News and Events

IIE President and CEO Dr. Allan Goodman's Remarks at the 2008 World Congress

I appreciate very much the invitation to address this World Congress. The schools represented here make education accessible at a time when in many countries around the world it is becoming less so. Your colleges have also been closely connected to my own Institute’s history. The first president of IIE was a professor at CCNY; many of our best division directors now serving Fulbright cut their eye teeth at your institutions. And in the world in which we work, where all-too-often there is no more room in the megaversities for the next generation and too little teaching for those that do make it in the door, your colleges are a model of how higher education can respond to challenges that are global and growing.

Like many of you, I do not worry about a shortage of students but of teachers.

Perhaps that is why George suggested I speak about the activities of the Institute’s Scholar Recue Fund, and especially its recent work on behalf of Iraqi professors.

In too many countries, the ravages of disease, war, terrorism, and repression are proliferating threats to scholars. Unfortunately, the murder of scholars is as old as civilization and as current as today’s headlines. Socrates and Galileo both fell victim to the politics and inquisitions of their time; and the earliest books of Scripture make the rescue of those who are “upright and speak freely” the duty not only of God and kings but of us all. And while England’s poet laureate John Masefield never went to college, he regarded “few earthly things more beautiful” in part because they are places that “welcome thinkers in distress or in exile.”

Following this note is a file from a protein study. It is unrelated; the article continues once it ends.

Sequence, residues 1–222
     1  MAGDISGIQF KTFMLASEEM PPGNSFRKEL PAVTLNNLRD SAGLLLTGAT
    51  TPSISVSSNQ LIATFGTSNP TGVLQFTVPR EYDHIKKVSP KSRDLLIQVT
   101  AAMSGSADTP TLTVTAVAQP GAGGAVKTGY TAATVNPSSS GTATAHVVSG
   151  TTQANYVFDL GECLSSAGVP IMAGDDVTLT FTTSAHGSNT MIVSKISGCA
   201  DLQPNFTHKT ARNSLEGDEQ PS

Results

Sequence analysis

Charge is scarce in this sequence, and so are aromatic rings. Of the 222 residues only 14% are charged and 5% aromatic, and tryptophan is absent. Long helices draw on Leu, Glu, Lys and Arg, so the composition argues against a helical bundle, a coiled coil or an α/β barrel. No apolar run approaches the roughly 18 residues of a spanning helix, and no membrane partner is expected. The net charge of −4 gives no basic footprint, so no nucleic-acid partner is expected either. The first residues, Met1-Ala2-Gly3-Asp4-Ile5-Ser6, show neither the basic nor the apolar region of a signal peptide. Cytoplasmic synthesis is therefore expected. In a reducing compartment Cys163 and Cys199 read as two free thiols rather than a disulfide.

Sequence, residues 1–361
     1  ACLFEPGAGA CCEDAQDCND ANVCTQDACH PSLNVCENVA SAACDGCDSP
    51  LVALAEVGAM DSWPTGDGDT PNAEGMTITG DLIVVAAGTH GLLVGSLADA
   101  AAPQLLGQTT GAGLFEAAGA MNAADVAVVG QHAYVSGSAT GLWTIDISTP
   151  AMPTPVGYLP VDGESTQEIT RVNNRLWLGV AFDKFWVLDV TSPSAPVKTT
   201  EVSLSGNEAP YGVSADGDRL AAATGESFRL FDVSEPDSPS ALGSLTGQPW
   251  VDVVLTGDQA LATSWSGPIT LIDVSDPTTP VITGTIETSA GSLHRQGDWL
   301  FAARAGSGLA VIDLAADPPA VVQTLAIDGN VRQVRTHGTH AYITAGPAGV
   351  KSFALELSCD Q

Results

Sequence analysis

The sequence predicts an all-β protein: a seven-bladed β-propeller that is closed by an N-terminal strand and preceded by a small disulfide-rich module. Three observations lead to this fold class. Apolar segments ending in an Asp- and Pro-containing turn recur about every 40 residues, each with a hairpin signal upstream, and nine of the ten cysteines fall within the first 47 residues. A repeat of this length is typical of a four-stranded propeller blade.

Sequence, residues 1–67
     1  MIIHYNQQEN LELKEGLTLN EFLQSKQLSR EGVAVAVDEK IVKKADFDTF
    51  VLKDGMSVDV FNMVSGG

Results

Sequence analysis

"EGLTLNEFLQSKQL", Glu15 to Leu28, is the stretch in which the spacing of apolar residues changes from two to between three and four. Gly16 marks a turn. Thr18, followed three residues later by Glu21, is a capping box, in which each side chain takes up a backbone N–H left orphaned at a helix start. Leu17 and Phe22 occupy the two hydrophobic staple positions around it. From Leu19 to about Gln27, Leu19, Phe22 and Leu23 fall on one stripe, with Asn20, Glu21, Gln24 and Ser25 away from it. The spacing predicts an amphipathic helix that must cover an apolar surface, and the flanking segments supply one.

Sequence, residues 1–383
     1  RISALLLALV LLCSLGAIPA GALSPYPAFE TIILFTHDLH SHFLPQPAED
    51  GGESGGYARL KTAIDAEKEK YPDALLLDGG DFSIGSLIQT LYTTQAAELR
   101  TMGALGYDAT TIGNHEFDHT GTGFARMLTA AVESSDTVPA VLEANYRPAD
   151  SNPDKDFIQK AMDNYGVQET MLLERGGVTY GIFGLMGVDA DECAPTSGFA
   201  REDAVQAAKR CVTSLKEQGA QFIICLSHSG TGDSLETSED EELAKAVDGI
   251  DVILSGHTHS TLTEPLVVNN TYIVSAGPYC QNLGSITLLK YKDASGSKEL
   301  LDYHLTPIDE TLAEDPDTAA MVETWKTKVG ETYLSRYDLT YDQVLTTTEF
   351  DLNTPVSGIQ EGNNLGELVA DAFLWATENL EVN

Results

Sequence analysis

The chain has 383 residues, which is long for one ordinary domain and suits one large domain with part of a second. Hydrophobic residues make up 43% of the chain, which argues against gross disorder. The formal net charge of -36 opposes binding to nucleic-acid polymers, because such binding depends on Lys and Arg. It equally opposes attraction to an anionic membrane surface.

Scholar rescue has been a part of the Institute’s work since its founding in 1919.

Then scholars were caught in the crossfire of the Bolshevik Revolution. Today they are prime targets of terrorists, political antagonists, and regimes who would press into service those who have the knowledge to build weapons of mass destruction. In the last century we probably helped 10,000 to find safe haven in the midst of war and revolution. In this century, we have already had close to two thousand requests for help from scholars in over a hundred countries. Some parts of the world, like Iraq, remain a dangerous place for scholars from every discipline.

In others, scholars face demands from regimes that, if not met, threaten imprisonment or worse. Today a scholar from Belarus is able to continue his work at Rice University in Houston on a device to detect and kill cancer cells with virtually no side effects. If he had not been rescued, he told me recently, “I would have been asked to work on lasers to shoot down airplanes or got to jail.” I have met physicists from Iran now teaching at Princeton who were asked to build a bomb or face prison. And I have met a physicist from Ethiopia who was threatened with death unless he joined a political party because the regime wanted the most respected academic to endorse its politics. Sometimes all it takes is to have an advanced degree from a Western country. And some disciplines, especially in the sciences and in law, are actually being targeted by regimes and terrorists for complete elimination because they are too secular, or teach about history as it actually happened, or train pubic officials to be better investigators or judges.